Lara Pilutti

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Lara Pilutti
Assistant Professor

2012 Ph.D., Kinesiology, McMaster University
2006 B.Sc., Biology, Queen’s University
2006 B.P.H.E., Physical and Health Education, Queen’s University

Room: Lees E250G
Office: 613-562-5800 ext. 6927
Work E-mail: lpilutti@uottawa.ca

Lara Pilutti

Biography

Lara Pilutti is an Assistant Professor in the Interdisciplinary School of Health Sciences. She obtained her doctorate degree from McMaster University (Kinesiology) where she examined the role of adapted exercise interventions for persons with progressive multiple sclerosis. Professor Pilutti completed a post-doctoral fellowship in the Exercise Neuroscience Research Laboratory at the University of Illinois Urbana-Champaign. She went on to become an Assistant Professor in the Department of Kinesiology and Community Health at UIUC before joining the Faculty of Health Sciences at the University of Ottawa.

Professor Pilutti’s research focuses on the role of exercise in the management and treatment of disability arising from neurological disorders, particularly multiple sclerosis. She has specific interests in the application of adapted exercise rehabilitation approaches in neurological populations with advanced mobility impairment. Her research program has also focused on the role of exercise in the management of comorbid health conditions that commonly affect those with neurological disorders and mobility disability.

 

Research Interests

  • Neurological disorders and disability
  • Mobility impairment
  • Exercise rehabilitation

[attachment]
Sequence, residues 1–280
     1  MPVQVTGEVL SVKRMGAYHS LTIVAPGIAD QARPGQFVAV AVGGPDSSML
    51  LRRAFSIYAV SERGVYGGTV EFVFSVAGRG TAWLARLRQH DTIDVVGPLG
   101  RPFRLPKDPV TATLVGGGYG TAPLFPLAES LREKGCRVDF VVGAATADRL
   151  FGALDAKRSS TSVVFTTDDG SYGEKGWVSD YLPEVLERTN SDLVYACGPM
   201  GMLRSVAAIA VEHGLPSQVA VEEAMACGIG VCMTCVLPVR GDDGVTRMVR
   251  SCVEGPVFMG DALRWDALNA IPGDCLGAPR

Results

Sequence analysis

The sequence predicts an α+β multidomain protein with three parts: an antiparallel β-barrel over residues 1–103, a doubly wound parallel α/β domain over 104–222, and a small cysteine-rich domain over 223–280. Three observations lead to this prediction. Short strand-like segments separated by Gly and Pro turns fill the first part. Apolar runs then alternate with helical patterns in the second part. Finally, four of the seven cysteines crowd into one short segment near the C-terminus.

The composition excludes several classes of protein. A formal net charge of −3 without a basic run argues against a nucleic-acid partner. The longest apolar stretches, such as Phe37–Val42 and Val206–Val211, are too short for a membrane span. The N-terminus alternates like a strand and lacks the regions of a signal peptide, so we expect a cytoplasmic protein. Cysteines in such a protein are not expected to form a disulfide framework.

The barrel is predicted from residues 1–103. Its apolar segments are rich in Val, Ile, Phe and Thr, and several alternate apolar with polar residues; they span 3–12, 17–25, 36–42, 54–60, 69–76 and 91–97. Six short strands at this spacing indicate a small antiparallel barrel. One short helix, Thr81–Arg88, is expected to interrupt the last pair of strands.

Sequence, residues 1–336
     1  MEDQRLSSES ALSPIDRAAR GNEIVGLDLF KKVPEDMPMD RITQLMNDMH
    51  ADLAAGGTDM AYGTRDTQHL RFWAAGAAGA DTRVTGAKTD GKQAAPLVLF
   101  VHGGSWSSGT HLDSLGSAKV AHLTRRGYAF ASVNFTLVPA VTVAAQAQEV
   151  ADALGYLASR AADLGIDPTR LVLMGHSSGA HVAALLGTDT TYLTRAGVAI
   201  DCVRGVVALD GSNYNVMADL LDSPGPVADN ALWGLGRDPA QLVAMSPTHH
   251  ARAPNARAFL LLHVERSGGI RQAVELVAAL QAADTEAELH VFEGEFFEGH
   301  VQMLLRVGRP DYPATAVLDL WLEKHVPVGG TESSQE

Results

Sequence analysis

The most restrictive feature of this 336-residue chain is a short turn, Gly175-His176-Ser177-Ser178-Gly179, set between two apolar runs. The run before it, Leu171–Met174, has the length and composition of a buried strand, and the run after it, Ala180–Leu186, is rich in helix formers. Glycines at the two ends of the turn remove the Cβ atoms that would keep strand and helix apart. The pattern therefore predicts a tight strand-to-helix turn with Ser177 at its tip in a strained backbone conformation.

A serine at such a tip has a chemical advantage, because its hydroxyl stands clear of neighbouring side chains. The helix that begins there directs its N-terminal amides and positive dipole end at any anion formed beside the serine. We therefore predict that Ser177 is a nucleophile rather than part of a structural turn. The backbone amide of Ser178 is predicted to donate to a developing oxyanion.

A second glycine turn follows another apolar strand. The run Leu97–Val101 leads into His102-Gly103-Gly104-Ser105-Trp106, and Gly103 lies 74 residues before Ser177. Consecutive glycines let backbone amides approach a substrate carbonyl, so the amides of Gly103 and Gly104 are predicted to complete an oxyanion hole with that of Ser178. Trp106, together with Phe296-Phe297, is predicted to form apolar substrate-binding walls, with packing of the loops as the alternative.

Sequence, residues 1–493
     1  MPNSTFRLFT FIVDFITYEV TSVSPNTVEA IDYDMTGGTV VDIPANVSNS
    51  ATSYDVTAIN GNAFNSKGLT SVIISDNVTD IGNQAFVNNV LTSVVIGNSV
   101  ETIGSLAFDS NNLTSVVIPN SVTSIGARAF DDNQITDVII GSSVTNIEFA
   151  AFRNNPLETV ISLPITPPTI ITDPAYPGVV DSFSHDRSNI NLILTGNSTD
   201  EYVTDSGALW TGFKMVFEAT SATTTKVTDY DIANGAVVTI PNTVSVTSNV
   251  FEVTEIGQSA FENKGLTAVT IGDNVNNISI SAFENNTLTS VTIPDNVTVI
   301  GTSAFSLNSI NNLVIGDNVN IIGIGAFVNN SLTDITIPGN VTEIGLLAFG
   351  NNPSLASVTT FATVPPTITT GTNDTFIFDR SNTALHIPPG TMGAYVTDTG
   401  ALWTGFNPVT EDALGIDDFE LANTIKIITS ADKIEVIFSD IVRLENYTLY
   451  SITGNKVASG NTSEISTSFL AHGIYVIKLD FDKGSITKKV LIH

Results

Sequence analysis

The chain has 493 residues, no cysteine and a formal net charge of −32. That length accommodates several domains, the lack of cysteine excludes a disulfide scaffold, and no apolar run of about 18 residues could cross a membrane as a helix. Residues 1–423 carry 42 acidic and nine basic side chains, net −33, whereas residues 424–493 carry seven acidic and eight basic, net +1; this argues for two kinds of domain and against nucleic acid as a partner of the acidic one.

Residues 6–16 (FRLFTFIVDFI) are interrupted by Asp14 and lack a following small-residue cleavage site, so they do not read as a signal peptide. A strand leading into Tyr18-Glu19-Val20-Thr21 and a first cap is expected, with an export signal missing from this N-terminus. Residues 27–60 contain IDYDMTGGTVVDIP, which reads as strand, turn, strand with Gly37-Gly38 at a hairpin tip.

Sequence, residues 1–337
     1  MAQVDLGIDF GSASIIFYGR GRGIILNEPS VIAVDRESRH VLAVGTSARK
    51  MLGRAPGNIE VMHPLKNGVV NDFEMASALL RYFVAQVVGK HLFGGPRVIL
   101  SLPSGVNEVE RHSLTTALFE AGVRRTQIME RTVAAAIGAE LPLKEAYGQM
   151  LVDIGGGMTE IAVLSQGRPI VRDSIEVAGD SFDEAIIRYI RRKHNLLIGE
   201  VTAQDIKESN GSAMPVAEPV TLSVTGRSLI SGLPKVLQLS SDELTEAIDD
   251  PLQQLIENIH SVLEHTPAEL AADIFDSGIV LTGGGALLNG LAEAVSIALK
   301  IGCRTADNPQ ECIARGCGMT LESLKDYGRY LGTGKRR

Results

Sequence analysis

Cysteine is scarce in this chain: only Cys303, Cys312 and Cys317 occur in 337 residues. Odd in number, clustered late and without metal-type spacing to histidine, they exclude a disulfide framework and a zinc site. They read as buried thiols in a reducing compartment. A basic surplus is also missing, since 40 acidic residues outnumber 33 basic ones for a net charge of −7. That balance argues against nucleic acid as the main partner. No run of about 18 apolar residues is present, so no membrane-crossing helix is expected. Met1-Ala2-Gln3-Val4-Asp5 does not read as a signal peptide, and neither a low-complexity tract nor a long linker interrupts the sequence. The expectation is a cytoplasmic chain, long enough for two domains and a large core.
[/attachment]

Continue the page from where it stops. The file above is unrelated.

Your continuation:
• Clinical exercise physiology
  • Comorbid health conditions

 

Useful Links

 

Selected Publications

  • Motl RW, Pilutti LA. Is physical exercise a multiple sclerosis disease modifying treatment? Experts Review of Neurotherapeutics 2016;16:951-960.
  • Pilutti LA, Motl RW, Edwards TA, Wilund K. Rationale and design of a randomized controlled clinical trial of functional electrical stimulation cycling in persons with severe multiple sclerosis. Contemporary Clinical Trials Communications 2016;3:147-152.
  • Pilutti LA, Paulseth JE, Dove C, Jiang A, Rathbone MP, Hicks AL. Exercise training in progressive multiple sclerosis: a comparison of recumbent stepping and body weight supported treadmill training. International Journal of MS Care 2016; DOI: http://dx.doi.org/10.7224/1537-2073.2015-067.
  • Veldhuijzen van Zanten JJCS, Pilutti LA, Duda JL, Motl RW. Sedentary behaviour in people with multiple sclerosis: Is it time to stand up against MS? Multiple Sclerosis Journal 2016;22:1250-1256.
  • Platta ME, Ensari I, Motl RW, Pilutti LA. The effect of exercise training on fitness in multiple sclerosis: A meta-analysis. Archives of Physical Medicine and Rehabilitation 2016;97:405-412.
  • Pilutti LA, Motl RW. Body mass index underestimates adiposity in persons with multiple sclerosis. Archives of Physical Medicine and Rehabilitation 2016;97:405-412.
  • Pilutti LA, Sandroff BM, Klaren RE, Learmonth YC, Platta M, Hubbard E, Stratton M, Motl RW. Physical fitness assessment across the disability spectrum in multiple sclerosis: A comparison of testing modalities. Journal of the Neurological Sciences 2015;39:241-249.
  • Pilutti LA, Platta ME, Motl RW, Latimer-Cheung AE. The safety of exercise training in multiple sclerosis: A systematic review. Journal of the Neurological Sciences 2014;343:3-7.
  • Pilutti LA, Dlugonski D, Sandroff BM, Klaren R, Motl RW. Lifestyle physical activity improves body composition in multiple sclerosis: A randomized controlled trial. Archives of Physical Medicine and Rehabilitation, 2014;95:1283-1288.
  • Pilutti LA, Dlugonski D, Sandroff B, Klaren R, Motl RW. Randomized controlled trial of a behavioral intervention targeting symptoms and physical activity in multiple sclerosis. Multiple Sclerosis Journal, 2014;20:594-601.

Complete list of publications in MyBibliography:

https://www.ncbi.nlm.nih.gov/sites/myncbi/1TstqewcTgakD/bibliography/48817504/public/?sort=date&direction=descending

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